What all things should we consider to either redeem or renew SIP term or just stay put with our investment
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Sheetal Tigadoli asks a very interesting question in a comment here.
Hi, I’ve an interesting question, What one should do after the SIP term completes? What all things should we consider to either redeem or renew SIP term or just stay put?
I completely agree with your view that it is quite an interesting question.
Staying put is never an option and you should always be active with your investments. It does not necessarily mean you should be tracking them every day but at least once every quarter is a must though I prefer once every month.
When should one redeem?
Normally we do a SIP with an investment objective and as your SIP term is over, see how are you doing with your objective and check for your need for funds.
Do you need money immediately and if not then when would you need it?
If the answer to the above question is anywhere between a few months to one year, you should let the profit rides for a few weeks to a few months and opt for a systematic withdrawal plan.
When to Renew / Switch?
If there is no need for funds in the immediate future, I don’t see a reason to redeem but you should consider either renew or switch to better funds.
So how to decide if we should renew the SIP term in the same fund or opt for a different fund and start a fresh SIP.
I try to keep things really simple based on ROI.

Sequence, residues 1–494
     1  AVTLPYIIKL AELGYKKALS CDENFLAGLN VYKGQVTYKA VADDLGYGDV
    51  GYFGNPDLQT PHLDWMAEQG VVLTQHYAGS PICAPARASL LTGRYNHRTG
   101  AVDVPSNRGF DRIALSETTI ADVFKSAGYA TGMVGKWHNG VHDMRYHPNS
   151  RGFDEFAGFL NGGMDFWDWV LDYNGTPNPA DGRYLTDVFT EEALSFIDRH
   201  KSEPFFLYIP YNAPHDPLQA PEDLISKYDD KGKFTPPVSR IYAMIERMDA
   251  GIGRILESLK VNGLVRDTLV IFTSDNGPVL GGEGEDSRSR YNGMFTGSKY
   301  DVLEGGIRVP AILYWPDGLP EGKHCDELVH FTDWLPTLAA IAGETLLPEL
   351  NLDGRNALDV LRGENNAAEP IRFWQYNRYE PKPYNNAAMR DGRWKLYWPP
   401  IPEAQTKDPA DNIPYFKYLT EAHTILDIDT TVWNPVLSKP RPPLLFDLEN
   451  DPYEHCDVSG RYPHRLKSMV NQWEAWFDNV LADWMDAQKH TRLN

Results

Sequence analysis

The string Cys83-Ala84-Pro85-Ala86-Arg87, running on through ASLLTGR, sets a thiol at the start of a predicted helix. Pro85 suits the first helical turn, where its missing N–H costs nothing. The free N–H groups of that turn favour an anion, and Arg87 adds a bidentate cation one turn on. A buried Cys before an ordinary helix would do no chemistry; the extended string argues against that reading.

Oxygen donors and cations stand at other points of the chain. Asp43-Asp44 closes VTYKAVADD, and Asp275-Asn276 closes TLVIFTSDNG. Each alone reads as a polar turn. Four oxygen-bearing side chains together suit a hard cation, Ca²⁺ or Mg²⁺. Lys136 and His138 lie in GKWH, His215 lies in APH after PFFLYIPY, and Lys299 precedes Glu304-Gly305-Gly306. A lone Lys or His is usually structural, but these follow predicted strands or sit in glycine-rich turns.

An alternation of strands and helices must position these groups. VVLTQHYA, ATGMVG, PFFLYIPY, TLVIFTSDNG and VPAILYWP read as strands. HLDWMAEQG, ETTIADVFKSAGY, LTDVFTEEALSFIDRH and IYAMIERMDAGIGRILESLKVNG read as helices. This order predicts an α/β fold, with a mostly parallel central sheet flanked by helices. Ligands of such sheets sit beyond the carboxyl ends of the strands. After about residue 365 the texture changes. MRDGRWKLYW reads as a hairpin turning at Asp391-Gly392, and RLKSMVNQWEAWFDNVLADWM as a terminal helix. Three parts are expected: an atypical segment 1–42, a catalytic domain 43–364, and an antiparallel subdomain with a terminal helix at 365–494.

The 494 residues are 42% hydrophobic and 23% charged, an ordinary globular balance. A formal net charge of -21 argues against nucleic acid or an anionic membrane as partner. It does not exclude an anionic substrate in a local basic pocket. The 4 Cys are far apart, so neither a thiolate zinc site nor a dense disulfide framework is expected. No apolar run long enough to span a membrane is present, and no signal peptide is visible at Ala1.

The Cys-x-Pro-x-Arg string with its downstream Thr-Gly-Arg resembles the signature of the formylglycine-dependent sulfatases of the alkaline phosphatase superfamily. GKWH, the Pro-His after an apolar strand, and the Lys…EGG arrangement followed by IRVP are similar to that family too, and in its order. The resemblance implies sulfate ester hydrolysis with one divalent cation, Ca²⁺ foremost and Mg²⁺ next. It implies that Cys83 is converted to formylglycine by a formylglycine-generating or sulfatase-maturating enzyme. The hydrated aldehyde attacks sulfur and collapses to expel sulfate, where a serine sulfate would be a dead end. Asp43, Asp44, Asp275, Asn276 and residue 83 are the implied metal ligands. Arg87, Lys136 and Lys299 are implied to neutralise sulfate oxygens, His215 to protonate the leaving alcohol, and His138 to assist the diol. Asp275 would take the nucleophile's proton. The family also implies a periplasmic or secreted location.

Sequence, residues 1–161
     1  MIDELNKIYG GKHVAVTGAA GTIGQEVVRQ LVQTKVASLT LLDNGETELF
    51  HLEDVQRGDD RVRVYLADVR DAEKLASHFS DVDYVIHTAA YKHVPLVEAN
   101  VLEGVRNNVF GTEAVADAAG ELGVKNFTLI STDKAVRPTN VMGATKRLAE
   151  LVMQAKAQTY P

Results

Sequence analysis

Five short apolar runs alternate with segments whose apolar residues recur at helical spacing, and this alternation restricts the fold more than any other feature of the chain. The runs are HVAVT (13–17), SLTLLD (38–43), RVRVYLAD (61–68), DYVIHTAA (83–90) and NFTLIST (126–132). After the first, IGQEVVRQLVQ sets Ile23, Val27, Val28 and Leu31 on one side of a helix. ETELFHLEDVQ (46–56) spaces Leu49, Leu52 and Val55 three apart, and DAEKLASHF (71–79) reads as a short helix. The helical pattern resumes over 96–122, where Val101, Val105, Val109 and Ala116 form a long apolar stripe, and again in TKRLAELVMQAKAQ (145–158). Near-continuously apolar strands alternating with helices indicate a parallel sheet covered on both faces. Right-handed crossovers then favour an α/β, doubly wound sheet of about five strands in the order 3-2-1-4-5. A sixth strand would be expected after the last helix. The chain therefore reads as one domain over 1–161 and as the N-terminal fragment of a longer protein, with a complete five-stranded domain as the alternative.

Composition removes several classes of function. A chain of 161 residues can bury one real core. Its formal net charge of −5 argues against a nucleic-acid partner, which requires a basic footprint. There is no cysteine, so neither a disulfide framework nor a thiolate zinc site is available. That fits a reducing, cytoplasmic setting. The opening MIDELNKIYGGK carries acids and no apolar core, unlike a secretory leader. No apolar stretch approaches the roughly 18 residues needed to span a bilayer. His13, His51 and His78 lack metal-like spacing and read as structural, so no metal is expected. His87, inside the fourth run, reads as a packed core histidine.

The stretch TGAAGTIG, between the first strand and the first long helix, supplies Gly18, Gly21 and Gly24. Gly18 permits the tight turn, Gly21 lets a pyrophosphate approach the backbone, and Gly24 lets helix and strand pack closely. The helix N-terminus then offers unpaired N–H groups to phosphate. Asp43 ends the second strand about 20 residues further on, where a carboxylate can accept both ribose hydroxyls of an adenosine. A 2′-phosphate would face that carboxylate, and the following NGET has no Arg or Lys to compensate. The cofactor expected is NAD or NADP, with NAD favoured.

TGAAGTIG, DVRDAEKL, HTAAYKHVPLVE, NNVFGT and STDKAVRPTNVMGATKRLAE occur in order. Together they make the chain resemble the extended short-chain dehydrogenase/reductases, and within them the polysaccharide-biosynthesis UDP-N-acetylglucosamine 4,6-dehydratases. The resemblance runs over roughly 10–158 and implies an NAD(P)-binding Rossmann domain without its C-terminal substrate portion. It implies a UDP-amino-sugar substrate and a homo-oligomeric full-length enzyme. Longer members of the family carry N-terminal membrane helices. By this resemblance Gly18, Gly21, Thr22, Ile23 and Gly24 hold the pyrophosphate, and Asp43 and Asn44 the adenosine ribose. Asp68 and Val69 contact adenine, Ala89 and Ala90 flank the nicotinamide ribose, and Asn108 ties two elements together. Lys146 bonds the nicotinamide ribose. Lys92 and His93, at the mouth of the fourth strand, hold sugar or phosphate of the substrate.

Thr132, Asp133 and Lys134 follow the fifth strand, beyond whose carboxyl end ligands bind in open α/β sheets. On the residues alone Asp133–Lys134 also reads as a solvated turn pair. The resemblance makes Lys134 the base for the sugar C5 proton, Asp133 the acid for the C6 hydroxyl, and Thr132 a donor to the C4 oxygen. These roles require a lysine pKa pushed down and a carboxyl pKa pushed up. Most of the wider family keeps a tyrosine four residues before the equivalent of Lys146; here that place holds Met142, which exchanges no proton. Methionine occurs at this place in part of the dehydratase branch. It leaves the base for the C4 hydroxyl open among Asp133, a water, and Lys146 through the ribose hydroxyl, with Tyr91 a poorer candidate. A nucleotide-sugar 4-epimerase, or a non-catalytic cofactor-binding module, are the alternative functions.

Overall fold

Based on Return On Investment
We all want an averagely good returns for our investment. So I keep a benchmark which is quite achievable. If a fund I already invested is performing
- 15 to 20% average annual returns, I remain invested and may even consider a SIP term renewal.
- Below 10%, I compare other funds in the same category to see if I can switch to better performing funds in the same category.
- Between 10% to 15% and I may remain invested but may not renew my SIP if I see other funds performing much better (the stress is on much).
Note: Returns I check are based on at least 3 years performances.
Note2: 14.2% does not mean it is in the third category and 15.1% does not mean it is in first. These are only ballpark numbers.
Based on Balance of Portfolio
I personally don’t prefer diversified investment and love more focused investments but re-balancing of the portfolio can be an option for not renewing the SIP term and opt for a different fund.
You may have SIP in debt as well as in equity fund and as your equity fund performed, your portfolio is more skewed towards equity and so you can renew but reduced SIP amount in equity based fund if you want a more balance portfolio.
Similar thing can be said about large cap and mid cap fund where one of the fund performed better over other making your portfolio skewed. To keep it more balanced, you can opt to increase SIP amount in less performing fund over the one that has already performed to keep things balanced.